Every day and throughout the year, I spend a substantial amount of my time reading about reading. From scholarly articles to academic books to chronicles of reading and reading memoirs. I am going to post a series of short observations on the books (and the occasional articles) that I have been reading particularly reflecting on the presence (or lack thereof) of romance fiction, and on how I feel my perceptions of reading aline with the authors.
Why I read: the serious pleasure of books by Wendy Lesser
published by Farrar, Straus and Giroux; 2014
In her book “Why I read” Wendy Lesser writes that she has tried to have a broad definition of literature, including plays, poems, essays and novels, “from traditional literary forms to mysteries and science fiction, memoirs and journalism” (p 5). In describing such broadness I was hopeful. A female author, the wave of attention that romance has received over the last five years and a claim to wide reading. However, I was disappointed that, with the exception of a brief mention of fairy tales and the marriage plot (Lesser p37) Lesser does not include any romance fiction in her book. However, she does lauds Henry James’s female characters and says that they “do not come ready-packaged with a character that accompanies them through life, like a kit-bag of charms carried by the generic hero of a fairy tale”. She says that these women “become their characters – they develop into them – by facing up to the various things that life throws at them, some as a result of chance and others stemming directly from their own actions.” (p 13) Implicit in this, like a backhanded compliment, is that fairy tales do have generic hero and that the female characters in fairy tales are not developed, that they are passive and unable to make their own decisions. This is not a statement I agree with. Perhaps I am reading too much into Lesser’s praise of James but it made me grit my teeth (not that I have any issue with her enjoying James but I do have an issue with her elevating him at the expense of fairy tales). I felt like I was re-experiencing the criticism that romance often receives from people who have not read romance, who have no experience of the genre and certainly do not have an understanding of romance fiction’s place in literary canon.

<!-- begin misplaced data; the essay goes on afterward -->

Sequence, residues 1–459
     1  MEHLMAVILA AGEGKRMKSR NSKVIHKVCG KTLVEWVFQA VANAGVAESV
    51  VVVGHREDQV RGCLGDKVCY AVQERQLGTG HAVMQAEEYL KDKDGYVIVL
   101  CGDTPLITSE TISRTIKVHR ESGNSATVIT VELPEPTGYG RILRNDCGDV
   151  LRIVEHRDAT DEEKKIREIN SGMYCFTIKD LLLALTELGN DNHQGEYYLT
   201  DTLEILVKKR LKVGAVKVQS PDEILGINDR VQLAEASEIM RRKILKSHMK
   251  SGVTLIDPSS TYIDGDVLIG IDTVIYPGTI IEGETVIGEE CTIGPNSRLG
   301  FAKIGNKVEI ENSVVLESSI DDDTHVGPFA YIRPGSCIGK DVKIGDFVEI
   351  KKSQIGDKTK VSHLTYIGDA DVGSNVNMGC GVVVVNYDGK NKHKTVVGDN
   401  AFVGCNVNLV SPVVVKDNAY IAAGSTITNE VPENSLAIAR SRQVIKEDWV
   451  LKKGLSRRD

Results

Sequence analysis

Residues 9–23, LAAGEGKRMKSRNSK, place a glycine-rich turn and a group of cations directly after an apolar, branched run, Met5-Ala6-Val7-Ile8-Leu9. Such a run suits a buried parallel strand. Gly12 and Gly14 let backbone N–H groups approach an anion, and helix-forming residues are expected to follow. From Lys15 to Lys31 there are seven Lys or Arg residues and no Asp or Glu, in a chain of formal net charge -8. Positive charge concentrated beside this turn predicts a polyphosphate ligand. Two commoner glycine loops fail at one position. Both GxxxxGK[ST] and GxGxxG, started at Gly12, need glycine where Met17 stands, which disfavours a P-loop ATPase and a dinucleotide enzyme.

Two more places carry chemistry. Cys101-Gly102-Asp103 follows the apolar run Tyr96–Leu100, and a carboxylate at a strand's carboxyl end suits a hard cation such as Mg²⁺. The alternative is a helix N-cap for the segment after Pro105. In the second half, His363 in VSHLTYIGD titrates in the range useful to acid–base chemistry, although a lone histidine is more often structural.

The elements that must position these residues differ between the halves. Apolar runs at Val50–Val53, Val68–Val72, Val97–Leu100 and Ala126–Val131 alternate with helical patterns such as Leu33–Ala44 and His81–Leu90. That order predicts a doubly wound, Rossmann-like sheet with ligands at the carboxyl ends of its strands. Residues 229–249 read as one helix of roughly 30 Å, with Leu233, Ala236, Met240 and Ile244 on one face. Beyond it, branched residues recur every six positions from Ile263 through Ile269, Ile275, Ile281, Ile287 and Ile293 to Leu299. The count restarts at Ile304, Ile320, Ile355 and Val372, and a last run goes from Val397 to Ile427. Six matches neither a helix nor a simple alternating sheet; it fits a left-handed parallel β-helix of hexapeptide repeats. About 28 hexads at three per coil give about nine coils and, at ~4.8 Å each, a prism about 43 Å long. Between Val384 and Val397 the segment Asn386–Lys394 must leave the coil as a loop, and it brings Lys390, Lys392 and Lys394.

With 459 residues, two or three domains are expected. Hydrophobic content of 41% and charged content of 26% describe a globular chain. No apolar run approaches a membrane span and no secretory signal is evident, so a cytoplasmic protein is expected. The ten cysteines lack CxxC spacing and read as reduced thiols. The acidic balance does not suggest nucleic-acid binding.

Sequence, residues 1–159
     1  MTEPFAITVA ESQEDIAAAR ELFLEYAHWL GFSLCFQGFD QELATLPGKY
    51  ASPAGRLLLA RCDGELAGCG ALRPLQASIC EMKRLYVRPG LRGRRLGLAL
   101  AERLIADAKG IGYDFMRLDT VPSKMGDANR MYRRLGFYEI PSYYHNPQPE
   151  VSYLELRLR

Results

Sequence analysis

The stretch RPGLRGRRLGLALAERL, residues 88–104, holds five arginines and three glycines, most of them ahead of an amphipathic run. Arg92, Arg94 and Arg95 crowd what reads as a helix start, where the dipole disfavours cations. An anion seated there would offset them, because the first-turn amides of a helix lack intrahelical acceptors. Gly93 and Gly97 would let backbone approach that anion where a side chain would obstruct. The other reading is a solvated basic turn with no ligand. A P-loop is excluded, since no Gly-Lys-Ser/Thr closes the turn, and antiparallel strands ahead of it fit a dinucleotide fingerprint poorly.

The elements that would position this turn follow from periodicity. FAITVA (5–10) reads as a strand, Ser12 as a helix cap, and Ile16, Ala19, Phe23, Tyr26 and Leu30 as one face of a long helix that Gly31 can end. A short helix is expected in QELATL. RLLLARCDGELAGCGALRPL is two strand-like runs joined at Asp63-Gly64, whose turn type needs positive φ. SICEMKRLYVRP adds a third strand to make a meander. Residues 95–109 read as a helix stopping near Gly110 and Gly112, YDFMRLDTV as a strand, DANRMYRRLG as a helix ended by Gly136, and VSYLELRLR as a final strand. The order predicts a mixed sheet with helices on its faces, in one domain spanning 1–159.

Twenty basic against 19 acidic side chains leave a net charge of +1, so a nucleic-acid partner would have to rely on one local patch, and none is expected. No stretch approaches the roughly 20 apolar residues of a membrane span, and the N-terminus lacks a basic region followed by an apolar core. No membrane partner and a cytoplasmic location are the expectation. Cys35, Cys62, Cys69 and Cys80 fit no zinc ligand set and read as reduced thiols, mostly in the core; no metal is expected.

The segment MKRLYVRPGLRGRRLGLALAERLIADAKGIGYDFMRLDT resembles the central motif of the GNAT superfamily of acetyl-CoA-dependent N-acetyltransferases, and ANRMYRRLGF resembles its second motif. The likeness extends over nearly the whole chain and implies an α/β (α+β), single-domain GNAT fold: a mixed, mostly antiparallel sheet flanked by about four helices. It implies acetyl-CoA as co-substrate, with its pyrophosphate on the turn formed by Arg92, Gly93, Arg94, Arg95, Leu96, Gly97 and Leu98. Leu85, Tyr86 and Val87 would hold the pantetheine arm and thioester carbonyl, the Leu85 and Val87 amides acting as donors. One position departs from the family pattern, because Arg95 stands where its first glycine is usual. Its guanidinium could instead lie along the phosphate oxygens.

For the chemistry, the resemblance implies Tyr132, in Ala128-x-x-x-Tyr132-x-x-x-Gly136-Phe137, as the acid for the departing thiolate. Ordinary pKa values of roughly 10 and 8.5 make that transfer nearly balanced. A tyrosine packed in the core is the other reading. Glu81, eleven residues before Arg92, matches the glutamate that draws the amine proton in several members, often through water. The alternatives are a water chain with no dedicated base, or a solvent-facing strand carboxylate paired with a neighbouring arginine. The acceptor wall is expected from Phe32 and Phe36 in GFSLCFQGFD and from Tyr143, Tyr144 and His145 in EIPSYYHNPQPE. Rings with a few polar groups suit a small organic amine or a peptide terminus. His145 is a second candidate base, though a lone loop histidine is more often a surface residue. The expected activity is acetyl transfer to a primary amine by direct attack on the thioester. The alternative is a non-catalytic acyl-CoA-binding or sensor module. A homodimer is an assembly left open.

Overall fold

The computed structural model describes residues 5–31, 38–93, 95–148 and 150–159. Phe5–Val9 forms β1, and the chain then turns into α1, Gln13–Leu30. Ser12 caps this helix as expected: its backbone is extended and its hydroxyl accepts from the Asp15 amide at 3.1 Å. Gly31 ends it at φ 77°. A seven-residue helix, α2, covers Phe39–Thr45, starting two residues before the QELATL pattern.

At this point, my reliance on the author to discuss pleasure reading in a broad, contemporary fashion ceased. To be dismissive and unknowledgeable about “generic” characters, as though those fairy tales are incapable of character depths and character development. I continued to read and found though her discussion of genre fiction – crime and science fiction (acceptable as they are male interests) but by this stage I was disinterested. I skim read the rest of the book which had a structure that was interesting. I dipped into chapters that promised me new ideas such as “Grandeur and Intimacy” and “Novelty” but I remained unenthused and unable to engage. The content dragged, it was more of the same 20th century literature pondering that was further cemented by her reluctant acceptance of electronic reading. I found the writing that she extols was limited to a 20th century literary tradition of reading in aim of improving oneself. The authors she discusses appear in most English lit curriculums and critiques and I did not feel she introduced me to any new or different approaches to reading.
I do, however, appreciate that the is a self-indulgent book (and I say this in a good way. I would adore having the chance to write and have published a book on my reading pleasure. Top marks for her scoring this gig). This is a book about what gives Wendy Lesser pleasure, where she finds her delightful reading and in framing the book to be about her own reading needs, I think it is a successful book. This is an insight into her reading life. I am just not a fan of her style of reading. This is not a book that requires me, the reader, to take on her reading style and she clearly makes this statement. To paraphrase her: this is about personal taste. If the book bores you, quit and move on. This is not an exam.
With sadness, I quit reading. I put down a book extolling reading pleasures that has given me little pleasure.
The copy of the book I read was borrowed from my university’s library. I discovered it by browsing the library shelves.
* I first posted a shorter version of this observation on my Goodreads account.